Lipoma in Hard Palate—A Case Report (Short Report)


Lipoma is a benign neoplasm of the soft tissue that originates in mature adipocytes. Even though it is a very common tumor, it is relatively uncommon in oral cavity. It represents about 1% to 4% of all benign tumors in oral cavity (12). This article describes a case of a 39 years old male with an intraoral pedunculated mass in the right side of hard palate which was histopathologically proved as a simple lipoma.

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Dhas, P. , Ambika, R. , Arumugam, A. and Somasundaram, J. (2015) Lipoma in Hard Palate—A Case Report. International Journal of Otolaryngology and Head & Neck Surgery, 4, 133-136. doi: 10.4236/ijohns.2015.42023.

1. Introduction

Lipomas are benign mesenchymal neoplasms composed of mature adipocytes usually surrounded by a thin fibrous capsule [1] . Lipomas can occur in any part of the human body, but the majority occur in trunk and neck [2] . They can present as a single swelling or multiple swellings. About 20% occur in the head and neck region and only 1% to 4% involve oral cavity [3] [4] . Half of oral lipomas are in the cheek and the remaining are found in the tongue, floor of the mouth, lips, palate, and gingival mucosa [5] . Lipomas are usually asymptomatic till they grow to a larger size and interfere with speech, mastication and swallowing [6] . Lipomas may occur sporadically or as one of the several inherited disorders such as familial multiple lipomatosis and benign symmetric lipomatosis [7] .

Based on their histopathological aspects, lipomas can be characterized as classic lipoma, fibrolipoma, intramural lipoma, spindle cell lipoma, angiolipoma, sialolipoma, pleomorphic lipoma, myxoid lipoma and atypical lipoma. The malignant counterpart of the tumor is liposarcoma which is an another common soft tissue neoplasm but rare in oral cavity [8] .

2. Case Report

A 39 years old male patient presented with a mass in the oral cavity. A small swelling appeared in the right side of the palate before 6 years which progressively increased in size. He had problems with speech and mastication.

He is a tobacco and betel nut chewer for 20 years. Physical examination revealed a soft pedunculated mass of size 6.5 × 3.5 cm arising from the right side of the hard palate at about 1 cm medial to right 2nd molar. It was covered with intact mucosa. With the aid of computed tomography, bony attachments/erosion was excluded. Also the mass failed to enhance with contrast. Complete surgical excision was done and the mass was subjected for histopathological examination. Macroscopically the resected mass was yellowish in colour. Microscopic appearance shows a well encapsulated tumor composed of muscle fat cells with vacuolated cytoplasm with intervening fibrous septae. There was no sarcomatous change. The wound healed well. The patient was followed up for 1 year without any recurrence (Figures 1-6).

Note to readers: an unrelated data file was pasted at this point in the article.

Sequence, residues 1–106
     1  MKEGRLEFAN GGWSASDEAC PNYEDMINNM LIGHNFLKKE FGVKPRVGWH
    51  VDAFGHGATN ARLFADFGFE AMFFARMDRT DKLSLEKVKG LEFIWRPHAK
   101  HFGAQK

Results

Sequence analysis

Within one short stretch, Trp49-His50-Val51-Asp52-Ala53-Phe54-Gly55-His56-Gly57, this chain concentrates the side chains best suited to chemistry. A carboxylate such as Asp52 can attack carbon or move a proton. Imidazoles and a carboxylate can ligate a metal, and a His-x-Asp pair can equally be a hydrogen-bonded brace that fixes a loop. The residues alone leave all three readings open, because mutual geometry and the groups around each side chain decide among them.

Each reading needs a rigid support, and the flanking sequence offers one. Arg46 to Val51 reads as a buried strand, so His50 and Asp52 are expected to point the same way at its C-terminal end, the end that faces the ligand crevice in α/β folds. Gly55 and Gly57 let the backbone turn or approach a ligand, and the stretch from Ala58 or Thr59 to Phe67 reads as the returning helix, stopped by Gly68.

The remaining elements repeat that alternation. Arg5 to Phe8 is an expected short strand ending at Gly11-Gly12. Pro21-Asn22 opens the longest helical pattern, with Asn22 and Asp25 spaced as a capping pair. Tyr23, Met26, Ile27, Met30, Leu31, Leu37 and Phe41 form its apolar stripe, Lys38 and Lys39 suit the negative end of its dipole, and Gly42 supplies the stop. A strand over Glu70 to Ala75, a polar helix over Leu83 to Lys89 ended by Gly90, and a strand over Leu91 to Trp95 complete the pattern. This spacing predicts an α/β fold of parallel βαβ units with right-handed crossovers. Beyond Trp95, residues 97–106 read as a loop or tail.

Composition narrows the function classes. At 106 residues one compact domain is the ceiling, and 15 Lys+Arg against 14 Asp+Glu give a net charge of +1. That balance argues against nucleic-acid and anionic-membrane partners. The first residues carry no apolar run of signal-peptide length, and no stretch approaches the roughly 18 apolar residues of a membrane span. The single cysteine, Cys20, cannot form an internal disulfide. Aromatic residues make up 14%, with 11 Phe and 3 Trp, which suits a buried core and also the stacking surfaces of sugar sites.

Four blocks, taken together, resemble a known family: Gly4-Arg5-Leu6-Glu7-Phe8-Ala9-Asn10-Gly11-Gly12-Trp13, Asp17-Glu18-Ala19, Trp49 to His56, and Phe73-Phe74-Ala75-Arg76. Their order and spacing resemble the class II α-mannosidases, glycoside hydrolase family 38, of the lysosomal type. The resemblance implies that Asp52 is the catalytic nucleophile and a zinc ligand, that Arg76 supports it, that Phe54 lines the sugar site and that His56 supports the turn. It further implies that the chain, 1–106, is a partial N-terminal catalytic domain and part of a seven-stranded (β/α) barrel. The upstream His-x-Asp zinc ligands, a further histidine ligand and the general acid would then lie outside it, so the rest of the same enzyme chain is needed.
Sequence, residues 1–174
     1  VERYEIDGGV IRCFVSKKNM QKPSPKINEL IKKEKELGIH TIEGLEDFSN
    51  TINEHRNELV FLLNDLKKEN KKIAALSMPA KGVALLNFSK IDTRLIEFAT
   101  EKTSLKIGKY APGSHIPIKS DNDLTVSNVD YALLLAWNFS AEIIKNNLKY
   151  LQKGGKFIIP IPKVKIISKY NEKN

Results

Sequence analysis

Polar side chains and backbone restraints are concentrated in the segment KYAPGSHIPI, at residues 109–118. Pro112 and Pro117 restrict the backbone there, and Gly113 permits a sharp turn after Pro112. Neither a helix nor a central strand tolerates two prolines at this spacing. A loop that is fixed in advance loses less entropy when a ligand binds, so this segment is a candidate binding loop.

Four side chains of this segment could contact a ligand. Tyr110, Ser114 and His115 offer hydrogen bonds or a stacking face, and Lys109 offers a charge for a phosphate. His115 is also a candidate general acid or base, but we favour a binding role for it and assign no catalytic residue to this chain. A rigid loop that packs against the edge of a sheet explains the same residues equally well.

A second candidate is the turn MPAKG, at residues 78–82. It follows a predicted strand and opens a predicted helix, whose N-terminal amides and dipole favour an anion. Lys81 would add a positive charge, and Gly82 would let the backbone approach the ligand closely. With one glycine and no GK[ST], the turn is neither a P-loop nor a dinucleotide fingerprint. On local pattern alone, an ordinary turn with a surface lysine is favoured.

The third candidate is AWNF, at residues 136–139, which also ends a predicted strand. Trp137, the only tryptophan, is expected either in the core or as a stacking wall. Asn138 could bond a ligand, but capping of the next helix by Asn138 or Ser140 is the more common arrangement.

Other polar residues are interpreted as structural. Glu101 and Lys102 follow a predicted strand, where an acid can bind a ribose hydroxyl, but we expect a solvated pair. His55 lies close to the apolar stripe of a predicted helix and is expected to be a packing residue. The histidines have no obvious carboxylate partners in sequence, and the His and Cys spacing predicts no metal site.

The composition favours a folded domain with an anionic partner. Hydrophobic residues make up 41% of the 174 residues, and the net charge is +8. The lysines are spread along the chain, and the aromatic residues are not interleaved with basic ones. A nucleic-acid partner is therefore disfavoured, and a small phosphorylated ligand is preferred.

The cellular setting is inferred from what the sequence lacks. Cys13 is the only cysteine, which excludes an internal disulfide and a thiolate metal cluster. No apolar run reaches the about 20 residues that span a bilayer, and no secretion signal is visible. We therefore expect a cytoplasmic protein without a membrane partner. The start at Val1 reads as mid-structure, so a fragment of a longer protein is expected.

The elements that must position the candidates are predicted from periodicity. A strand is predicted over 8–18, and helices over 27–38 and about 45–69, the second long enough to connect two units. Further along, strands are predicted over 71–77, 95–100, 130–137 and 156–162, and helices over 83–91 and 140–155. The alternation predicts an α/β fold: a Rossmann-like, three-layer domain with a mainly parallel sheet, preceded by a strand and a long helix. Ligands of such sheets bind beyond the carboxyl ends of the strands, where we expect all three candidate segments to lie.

Figure 1. Showing mass in the hard palate.

Figure 2. CT showing hypodense mass in hard palate.

Figure 3. Preoperative picture.

Figure 4. Post operative picture.

Figure 5. Cut section of excised mass.

Figure 6. Microscopic picture showing mature adipocytes.

3. Discussion

The first oral lipoma was described by Roux in a review of alveolar masses in which he referred it as “Yellow Epulis” [9] . Lipoma is the commonest and most benign of all tumors. Intraoral region is a rare site for its development. The incidence does not differ with gender but a predilection for men has been reported [10] . The case we are presenting is very rare because of its site of attachment i.e. Hard palate. To the best of our knowledge only 2 cases of lipoma in hard palate mucosa has been reported (Hoceini et al., 2010; Sushruth Nayak & Prachi Nayak) [11] . In a case series by Perez et al. on oral lipoma among 2270 cases of oral lesions in a period of 8 years, 6 cases were oral lipomas. Of the 4, 3 were reported to be in buccal mucosa, 1 in lower lip, 1 in tongue [12] .

Clinically oral lipomas generally present as mobile, painless submucosal nodules with a yellowish colour. In our patient it is a pedunculated mass which is a rare presentation.

The pathogenesis of lipoma still remains with lack of consensus. Various concepts such as obesity, hormonal influences, trauma and chronic irritation have been proposed [13] .

Histopathologically our case is a classical lipoma which has been reported to be the commonest intraoral form in various literatures. Freital et al. (2009) reviewed 26 cases of intraoral lipomas and classic lipoma was the most common among them i.e. in 15 cases [14] .

Surgical excision is the suggested treatment modality and if adequately resected, recurrence is rare. We followed the patient for 1 year without any recurrence.

4. Conclusion

We present this case for its rare site, size and presentation. A clinician must also recognize other differential diagnoses for such a mass which are to be excluded by radiological and histopathological examination to proceed with the correct treatment.

Conflicts of Interest

The authors declare no conflicts of interest.


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